I was expecting the museums and story lines of the Netherlands to rejoice in the “golden age” of Dutch economic and trading success and naval power, the seventeenth century. I was not disappointed. Nor did I begrudge them their celebrations of two great naval triumphs. They did force the surrender of the Prince Royal, The English flagship, in the four days battle in the 1665-7 war, allowing them to destroy it with fire after allowing the sailors off the vessel. Admiral Ruyter later in that war launched an audacious and successful raid against the English fleet at anchor in the Medway, destroying 6 ships and towing away a seventh. It was the English Admiralty’s biggest disaster. The Dutch celebration of it on a beautiful cup presented to the Admiral was entirely justified. The Dutch navy tended to have fewer large ships, but it offered brave and sometimes successful opposition to English power.
The two museums I visited that told some of this story glossed over the English acquisition of New Amsterdam, now New York, in the same war, and some English victories that also peppered largely inconclusive naval wars on and off between 1652 and 1674. The unpleasant violence of the colonial and trading rivalry between the two countries was brought to a welcome end by the peaceful invasion of Britain by Prince William of Orange, married to Mary Stuart. The British establishment welcomed them and switched allegiance to them so their arrival and assumption of the crown was uncontested. The two countries moved to naval co-operation.
The museums did try to broach the long shadow cast over western European nations by slavery. Where a UK museum would be able to counter point the misery of slavery with the important role played later by leading British figures to secure the end of the slave trade, the Dutch museums just acknowledged the bad life of the slaves and the role of slavery in helping to create the great wealth of the merchant classes in the seventeenth and eighteenth century Netherlands. It was also clear from the Rembrandt displays that arms manufacturers and dealers were some of the richest patrons.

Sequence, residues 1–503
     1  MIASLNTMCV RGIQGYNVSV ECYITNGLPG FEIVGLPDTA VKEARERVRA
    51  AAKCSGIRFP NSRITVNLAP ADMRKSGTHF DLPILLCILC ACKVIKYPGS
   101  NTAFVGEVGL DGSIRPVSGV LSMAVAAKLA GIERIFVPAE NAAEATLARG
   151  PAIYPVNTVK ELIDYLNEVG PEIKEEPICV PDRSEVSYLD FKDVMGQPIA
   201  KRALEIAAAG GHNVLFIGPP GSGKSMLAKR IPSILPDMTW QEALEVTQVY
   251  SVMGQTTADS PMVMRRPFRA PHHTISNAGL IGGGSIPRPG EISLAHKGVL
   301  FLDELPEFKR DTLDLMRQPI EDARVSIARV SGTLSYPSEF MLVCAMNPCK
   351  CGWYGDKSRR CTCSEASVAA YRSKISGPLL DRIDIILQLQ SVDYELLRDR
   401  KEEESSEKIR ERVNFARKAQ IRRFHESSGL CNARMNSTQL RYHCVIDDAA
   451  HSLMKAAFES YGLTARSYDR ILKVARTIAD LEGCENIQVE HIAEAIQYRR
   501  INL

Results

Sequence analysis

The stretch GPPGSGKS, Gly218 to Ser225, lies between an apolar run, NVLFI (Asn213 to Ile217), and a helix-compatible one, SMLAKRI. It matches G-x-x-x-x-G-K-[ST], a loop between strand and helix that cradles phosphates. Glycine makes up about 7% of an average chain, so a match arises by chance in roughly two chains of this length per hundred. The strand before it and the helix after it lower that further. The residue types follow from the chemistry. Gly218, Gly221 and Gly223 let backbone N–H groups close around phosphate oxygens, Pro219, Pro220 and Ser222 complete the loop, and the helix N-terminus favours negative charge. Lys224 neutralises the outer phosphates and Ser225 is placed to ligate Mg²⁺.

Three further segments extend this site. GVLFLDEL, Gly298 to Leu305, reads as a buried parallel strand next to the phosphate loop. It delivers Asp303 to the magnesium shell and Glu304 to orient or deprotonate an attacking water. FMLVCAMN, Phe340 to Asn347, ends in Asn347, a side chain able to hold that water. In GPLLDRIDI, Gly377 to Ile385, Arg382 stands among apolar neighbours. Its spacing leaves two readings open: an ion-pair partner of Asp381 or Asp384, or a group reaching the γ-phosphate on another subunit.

Beneath these dark clouds there are the eternal light drenched canvasses showing the sheer abundance of food and household comforts that Dutch commercial success and wealth brought. Much of the wealth was honestly come by from successful manufacture and trade. For many Dutch people life was good, especially in the golden age. There was also reasonable social mobility, with people moving through hard work and enterprise from poverty to well heeled lifestyles.
The odd thing about the presentations was the episodic nature of the exhibits and stories, and the large missing gaps. I can appreciate the life and success of the Dutch golden age. I was surprised by the complete absence of material on the evils of the twentieth century occupation in the second world war, and the apparent sidelining of the Great war being waged just a few miles down the road in what was the southern low countries.
It is true that there was one other long shadow hanging heavy over Amsterdam which they do remember. I could not myself face going to Ann Frank’s house. It is such a heart wrenching story. To their credit the Dutch do remember the massacre of the Jews, whilst otherwise ignoring several years of being occupied by the Germans. Similarly, there are Napoleon memorabilia of his brother as King and then Napoleon himself as Emperor of an annexed Netherlands, but little about what this meant for those who had to live under the French tyranny.
It was perhaps fitting, however, that by far the largest painting in the Rijksmuseum is a large portrayal of Wellington receiving news at Waterloo of the imminent arrival of the Prussians. Waterloo meant their liberation.